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Fish Oil Reduces Asthma in Athletes

Athletes who experience shortness of breath and other asthma-like symptoms after exercise may benefit from fish oil capsules, researchers report in the November 2003 issue of the American Journal of Respiratory and Critical Care Medicine. In a small study, elite athletes who normally experienced asthma-like symptoms after exercising had less severe symptoms after adding fish oil capsules to their diet.

"If you experience asthma-like symptoms after exercise, such as breathlessness and a tight chest, then taking fish oil supplements that contain omega-3 fatty acids may help you breathe better during and after exercise," said Dr. Timothy D. Mickleborough of Indiana University in Bloomington.

For many people with asthma, exercise can trigger wheezing, chest tightness, cough and breathlessness, but these symptoms may also occur in people who do not have asthma. In fact, research suggests that elite athletes are more likely to experience asthma-like symptoms after exercise than less accomplished athletes and the general population. Why this is the case is uncertain, but prolonged exercise may increase exposure to allergens and substances that can irritate the airways as well as increase inhalation of cold, dry air.

Because substances called omega-3 polyunsaturated fatty acids (PUFAs) that are found in fish oils can produce anti-inflammatory effects, there has been interest in seeing whether PUFAs may improve asthma symptoms.

So far, the evidence on the effect of PUFAs in people with asthma is mixed and the one study that looked at the effect of fish oil supplements on asthma did not show any benefits. Now, in a study that tested the effect of fish oil supplements in athletes with exercise-induced asthma-like symptoms, Mickleborough and his colleagues report that fish oils seem to reduce the severity of symptoms.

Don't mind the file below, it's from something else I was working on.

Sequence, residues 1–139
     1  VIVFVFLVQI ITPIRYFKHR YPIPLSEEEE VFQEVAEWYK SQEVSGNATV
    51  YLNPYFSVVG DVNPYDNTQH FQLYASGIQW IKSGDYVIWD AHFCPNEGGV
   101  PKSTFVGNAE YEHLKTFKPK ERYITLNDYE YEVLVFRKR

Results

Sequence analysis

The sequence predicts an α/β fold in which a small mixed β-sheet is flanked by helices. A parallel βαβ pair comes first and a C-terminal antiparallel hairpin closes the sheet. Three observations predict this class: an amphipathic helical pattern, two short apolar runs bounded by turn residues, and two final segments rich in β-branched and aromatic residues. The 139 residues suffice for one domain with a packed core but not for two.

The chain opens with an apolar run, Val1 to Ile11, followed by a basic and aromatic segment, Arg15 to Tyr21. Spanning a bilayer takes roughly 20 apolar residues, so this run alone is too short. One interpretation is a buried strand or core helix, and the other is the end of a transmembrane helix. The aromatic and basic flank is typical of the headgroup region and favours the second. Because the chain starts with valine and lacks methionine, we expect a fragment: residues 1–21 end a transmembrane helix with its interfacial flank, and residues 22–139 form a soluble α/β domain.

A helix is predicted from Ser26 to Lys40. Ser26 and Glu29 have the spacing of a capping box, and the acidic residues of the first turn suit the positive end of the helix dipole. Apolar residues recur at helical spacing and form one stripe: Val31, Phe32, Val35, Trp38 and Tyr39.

The study included 20 elite athletes, half of whom experienced asthma-like symptoms after exercise but who did not have asthma. For three weeks, participants were randomly assigned to take fish oil capsules or placebo capsules that contained olive oil. After a two-week washout period, volunteers switched groups. Before exercise, there were no significant differences in lung function between the fish oil and placebo groups,

But the decline in lung function that normally occurred after exercise was reduced by almost 80 percent in athletes on the fish oil diet. These athletes also needed less asthma medication when taking fish oil supplements. Fish oil supplements did not seem to affect lung function at all in athletes who did not usually experience symptoms after exercise. The authors of a related editorial caution that the study was small and does not mean that fish oil supplements will help people with asthma.


American Journal of Respiratory and Critical Care Medicine, November 15, 2003.

Key concepts: Fish oil, omega-3 fatty acids, PUFA, asthma, athletes